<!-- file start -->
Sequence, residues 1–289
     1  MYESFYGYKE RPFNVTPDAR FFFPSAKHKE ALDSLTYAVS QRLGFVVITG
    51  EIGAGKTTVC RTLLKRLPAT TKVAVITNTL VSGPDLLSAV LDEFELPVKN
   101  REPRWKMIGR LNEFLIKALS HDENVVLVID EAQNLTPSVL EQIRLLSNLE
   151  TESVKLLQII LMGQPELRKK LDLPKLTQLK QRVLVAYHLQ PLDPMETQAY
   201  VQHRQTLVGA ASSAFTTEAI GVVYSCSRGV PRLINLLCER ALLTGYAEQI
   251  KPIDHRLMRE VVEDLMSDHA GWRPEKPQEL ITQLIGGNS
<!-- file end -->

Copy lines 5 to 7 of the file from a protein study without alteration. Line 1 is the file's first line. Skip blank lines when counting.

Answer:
   151  TESVKLLQII LMGQPELRKK LDLPKLTQLK QRVLVAYHLQ PLDPMETQAY
   201  VQHRQTLVGA ASSAFTTEAI GVVYSCSRGV PRLINLLCER ALLTGYAEQI
   251  KPIDHRLMRE VVEDLMSDHA GWRPEKPQEL ITQLIGGNS